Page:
June 2011 – a temporary UWHG peace descends….
The UWHG high-summer moratorium on the field barn surveying activities has arrived and Upper Wharfedale is a slowly evolving green landscape, as the grass grows strongly and amidst the grass stalks, wild flowers are emerging in the large sweeps of meadowland along the valley floor.
Mid-summer in Upper Wharfedale – a tapestry of greens © Pat Carroll
Fine weather permitting, it looks as if a good crop of mown hay will result from this verdant growth; un-trampled by beast or the feet of traditional farm building recording teams, the latter able to take advantage of a slight respite to bring up-to-date their records and process and vet their photographs.
The advantage of this transient halt extends away from the valley of the Wharfe and permits those carrying out the desktop research their first real opportunity to consider the tasks ahead and to plan their time and research for the maximum gain.
The initial major focus is an attempt to span the last four centuries… from the Crown Survey of the Lordship of Middleham in 1605 to the present day – not an easy task, as the manorial records, the hearth tax returns, the area tithe maps, and their apportionments, are scattered across Yorkshire and in a number of different hands.
However, we do possess a transcript of the 1605 survey in the shape of records held by the Yorkshire Archaeological Society:
Long-established Dales family names spring from an ancient text
You do not have to travel far in the valleys of the Wharfe, Swale or Ure before you come across the Calverts, Ibbotsons, Clarkes, Fawcetts, Coates and Ripleys, though sadly now not represented in ‘our’ study area.
However, difficulties lies not just with the present day absence of names, but in attempting to tie the family name to a patch of land from twelve or more generations ago – it is interesting to know that the ‘brewing farme’ of Robert Constantine held five outhouses – but where in the Kettlewell area?
If we are to attempt to identify the remnants of the ‘1605 outhouses’ then the desktop research would be most beneficial if, in some cases, it confirmed or refuted the observations and conclusions of the field work and the standing ‘evidence’ of today.
A further little complication is when the Crown Survey details that within the 579 acres of meadow and arable land, amid the 53 tenants and their 81 outhouses, Humfry Snell was in this year holding a ½ house and a ½ out-house, one can only hope that Edmd. Caytham, with a similar listing, held the missing pieces….
Half a house has to be better than no house at all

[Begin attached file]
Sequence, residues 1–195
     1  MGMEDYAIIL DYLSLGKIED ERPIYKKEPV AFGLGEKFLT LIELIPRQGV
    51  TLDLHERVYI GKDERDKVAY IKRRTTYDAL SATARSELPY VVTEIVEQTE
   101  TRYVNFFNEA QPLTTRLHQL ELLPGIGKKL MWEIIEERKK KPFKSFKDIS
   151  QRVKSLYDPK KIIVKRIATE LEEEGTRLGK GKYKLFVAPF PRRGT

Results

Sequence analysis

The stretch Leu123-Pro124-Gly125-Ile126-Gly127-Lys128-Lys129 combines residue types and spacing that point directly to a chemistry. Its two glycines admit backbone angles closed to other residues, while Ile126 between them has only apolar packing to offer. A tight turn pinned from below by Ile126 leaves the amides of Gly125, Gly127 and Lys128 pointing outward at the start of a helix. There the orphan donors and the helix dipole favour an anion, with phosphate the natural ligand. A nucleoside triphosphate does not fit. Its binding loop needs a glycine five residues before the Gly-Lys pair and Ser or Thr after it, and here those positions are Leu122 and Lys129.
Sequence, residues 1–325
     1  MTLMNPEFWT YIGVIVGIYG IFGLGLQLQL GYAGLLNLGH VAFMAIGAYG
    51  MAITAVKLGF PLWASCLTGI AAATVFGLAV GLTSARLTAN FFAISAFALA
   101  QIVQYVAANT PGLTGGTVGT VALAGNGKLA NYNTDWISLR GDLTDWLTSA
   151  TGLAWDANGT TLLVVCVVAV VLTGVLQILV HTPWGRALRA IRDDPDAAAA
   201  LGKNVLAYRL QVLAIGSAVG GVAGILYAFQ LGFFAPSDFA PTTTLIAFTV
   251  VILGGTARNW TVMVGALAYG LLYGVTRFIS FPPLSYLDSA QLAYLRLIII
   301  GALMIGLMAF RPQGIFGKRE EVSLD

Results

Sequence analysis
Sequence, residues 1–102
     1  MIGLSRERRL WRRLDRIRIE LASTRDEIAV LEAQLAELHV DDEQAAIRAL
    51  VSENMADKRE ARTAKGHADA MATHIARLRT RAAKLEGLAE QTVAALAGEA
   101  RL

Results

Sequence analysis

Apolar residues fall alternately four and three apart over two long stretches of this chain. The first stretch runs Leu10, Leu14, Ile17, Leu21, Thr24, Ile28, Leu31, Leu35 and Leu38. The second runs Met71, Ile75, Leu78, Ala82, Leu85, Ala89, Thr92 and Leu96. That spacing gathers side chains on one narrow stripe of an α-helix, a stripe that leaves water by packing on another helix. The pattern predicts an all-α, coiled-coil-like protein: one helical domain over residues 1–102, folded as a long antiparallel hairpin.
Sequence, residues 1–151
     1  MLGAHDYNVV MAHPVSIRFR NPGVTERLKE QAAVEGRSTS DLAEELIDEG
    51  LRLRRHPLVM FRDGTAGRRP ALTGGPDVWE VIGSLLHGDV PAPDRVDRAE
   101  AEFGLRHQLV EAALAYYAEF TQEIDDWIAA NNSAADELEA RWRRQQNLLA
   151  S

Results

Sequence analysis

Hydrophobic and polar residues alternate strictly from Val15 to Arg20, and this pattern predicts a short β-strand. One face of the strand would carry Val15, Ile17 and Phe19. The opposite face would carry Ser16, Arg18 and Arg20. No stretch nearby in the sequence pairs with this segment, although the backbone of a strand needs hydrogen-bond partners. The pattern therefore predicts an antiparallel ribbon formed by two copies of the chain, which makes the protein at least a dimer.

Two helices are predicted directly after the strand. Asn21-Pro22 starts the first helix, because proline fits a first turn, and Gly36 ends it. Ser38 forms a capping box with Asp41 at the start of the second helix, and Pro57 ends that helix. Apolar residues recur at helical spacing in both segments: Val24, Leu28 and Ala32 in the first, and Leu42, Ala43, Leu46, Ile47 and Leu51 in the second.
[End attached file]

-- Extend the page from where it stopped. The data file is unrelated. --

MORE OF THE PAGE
The 1672 hearth tax returns for the Wapentake of Staincliffe and Ewcross help to bring the family names into the second half of the 17th century but in the relatively short interval of less than seventy years from the first section above, the names of Johnson and Constantine no longer appear.
It is hoped that in time the desktop research group may be able to secure some more tangible ‘stepping stones’ back through time, ones that may connect the land apportionments of the Tithe Award maps of the mid 1800’s to these earlier records and hence bridge the four centuries to a landscape that supported in 1605 the 41 houses and 81 outhouses.
Phil & Pat Carroll
Tithe Maps (Tythe Maps)
During the 18th and 19th centuries one tenth of all produce was paid as a tithe (meaning a tenth part) to the church. With the coming of the industrial revolution, when produce began to mean not just the produce from the land, but also industrial output, the notion of collecting a tenth part become impractical and so the monetary value of the tithes was calculated so this could be collected instead.
Where this did not overlap with the enclosures (another complicated subject) tithe maps were drawn up of many parishes, the various plots numbered and the tithe value and person renting them listed. This took place mainly between 1835 and 1851.
Hearth tax was introduced into England and Wales in 1662 by the government of Charles II, at a time of serious fiscal emergency. The original Act of Parliament was revised the following year and again in 1664. Tax collection in this manner continued until William and Mary finally repealed the tax in 1689.
Under the terms of the grant, each liable householder was to pay one shilling per hearth within his or her property for each collection of the tax. Payments were due twice annually, at Michaelmas (29 September) and Lady Day (25 March), starting at Michaelmas 1662.